Ultimately, this flawed system design harms every resident in the state, including those relying on taxpayer-funded pensions for their retirement security. The financial burden it places on businesses and private sector workers is larger than they can bear, making the pension plans unaffordable and unsustainable in the long run. Eventually, the funds are likely to run out of money and be unable to pay promised annual benefits to retirees.
Even in the run-up to insolvency, public pension debt is already inflicting great harm on Illinois through higher taxes, fewer jobs, lower economic growth, residents moving out and cuts to public services that weaken the social safety net.
Pension costs are already eating away at Illinois government services. Pension costs increased by more than 500% during the past 20 years. Spending on core services, including child protection, state police and college money for poor students, dropped by nearly one-third since 2000.8 Pension contributions accounted for less than 4% of Illinois’ general funds budget from 1990 through 1997 but have grown to consume more than a quarter of the budget in recent years.9 That growth crowded out the state’s ability to spend money on programs that provide value to residents.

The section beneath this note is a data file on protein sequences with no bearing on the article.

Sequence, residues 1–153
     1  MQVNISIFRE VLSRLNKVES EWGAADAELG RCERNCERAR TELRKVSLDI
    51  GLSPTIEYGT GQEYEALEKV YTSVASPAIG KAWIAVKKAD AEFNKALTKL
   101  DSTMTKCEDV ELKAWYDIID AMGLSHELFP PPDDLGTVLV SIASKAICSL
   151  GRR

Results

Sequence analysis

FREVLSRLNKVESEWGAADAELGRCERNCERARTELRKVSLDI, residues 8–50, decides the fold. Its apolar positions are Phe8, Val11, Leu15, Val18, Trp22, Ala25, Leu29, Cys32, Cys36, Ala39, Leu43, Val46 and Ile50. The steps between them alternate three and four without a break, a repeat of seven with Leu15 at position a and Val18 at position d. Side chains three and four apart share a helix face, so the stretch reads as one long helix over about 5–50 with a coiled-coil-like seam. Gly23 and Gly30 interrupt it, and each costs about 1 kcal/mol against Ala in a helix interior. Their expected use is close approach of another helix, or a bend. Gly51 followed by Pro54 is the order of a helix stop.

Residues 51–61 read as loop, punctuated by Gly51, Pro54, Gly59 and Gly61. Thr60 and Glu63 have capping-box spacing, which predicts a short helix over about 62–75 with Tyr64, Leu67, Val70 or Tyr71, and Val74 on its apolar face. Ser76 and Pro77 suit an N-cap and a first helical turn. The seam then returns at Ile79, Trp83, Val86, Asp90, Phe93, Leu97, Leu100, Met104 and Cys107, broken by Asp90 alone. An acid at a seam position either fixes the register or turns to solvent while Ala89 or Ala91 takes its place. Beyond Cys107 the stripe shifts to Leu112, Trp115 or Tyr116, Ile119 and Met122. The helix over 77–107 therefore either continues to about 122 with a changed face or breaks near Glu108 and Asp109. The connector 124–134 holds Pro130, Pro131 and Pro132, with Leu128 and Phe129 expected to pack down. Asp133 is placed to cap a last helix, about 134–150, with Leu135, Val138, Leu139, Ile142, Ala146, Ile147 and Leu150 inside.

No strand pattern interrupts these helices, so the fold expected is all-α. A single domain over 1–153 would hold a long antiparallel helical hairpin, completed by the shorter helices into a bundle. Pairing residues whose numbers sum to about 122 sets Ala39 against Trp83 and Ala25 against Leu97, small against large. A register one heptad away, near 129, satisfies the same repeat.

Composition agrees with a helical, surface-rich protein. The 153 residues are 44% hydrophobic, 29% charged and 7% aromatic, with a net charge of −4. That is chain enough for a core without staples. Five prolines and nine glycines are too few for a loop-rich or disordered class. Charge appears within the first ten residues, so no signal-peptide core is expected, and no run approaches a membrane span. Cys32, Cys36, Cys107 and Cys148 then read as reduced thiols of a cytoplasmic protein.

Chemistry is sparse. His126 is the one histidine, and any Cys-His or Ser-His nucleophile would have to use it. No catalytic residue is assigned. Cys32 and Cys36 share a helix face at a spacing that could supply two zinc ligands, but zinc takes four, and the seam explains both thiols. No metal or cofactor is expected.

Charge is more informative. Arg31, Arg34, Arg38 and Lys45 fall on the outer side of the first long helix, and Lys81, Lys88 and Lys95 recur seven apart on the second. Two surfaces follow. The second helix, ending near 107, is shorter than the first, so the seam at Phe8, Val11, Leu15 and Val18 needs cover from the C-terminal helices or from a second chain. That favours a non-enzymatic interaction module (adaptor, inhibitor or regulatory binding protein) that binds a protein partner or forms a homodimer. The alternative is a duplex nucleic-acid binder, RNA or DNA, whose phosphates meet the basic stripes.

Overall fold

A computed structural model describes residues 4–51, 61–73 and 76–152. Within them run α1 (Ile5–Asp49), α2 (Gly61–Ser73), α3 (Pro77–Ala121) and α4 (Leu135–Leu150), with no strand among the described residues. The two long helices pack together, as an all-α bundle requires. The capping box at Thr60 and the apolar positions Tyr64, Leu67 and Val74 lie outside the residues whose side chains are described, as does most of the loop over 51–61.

To avoid a future in which taxpayers are asked to pay ever more in taxes for fewer and fewer government services – while public servants are left with shaky retirement systems – Illinois must enact structural reforms as soon as possible to make pensions more resilient and affordable.
COVID-19 market volatility threatens to push state pensions over the edge
Mary Williams Walsh, a New York Times reporter with experience covering bankruptcies in Puerto Rico and Detroit, wrote that “public pensions are the time bomb of government finances” in an article examining the impact of COVID-19 on pensions.10 In this unfortunately accurate analogy, that time bomb is also made of highly unstable nitroglycerin. Eventually, the bomb will explode, and the wrong shock threatens to set it off earlier than expected.
While this is a problem for many governments across the country, Illinois is home to the worst pensions crisis and faces the greatest risk.
Whether COVID-19 will trigger the inevitable explosion remains to be seen and will depend on how quickly financial markets are able to recover from the downturn. Regardless, the pandemic exposed the unacceptable fragility of many government pension systems and should serve as a wake-up call for elected officials.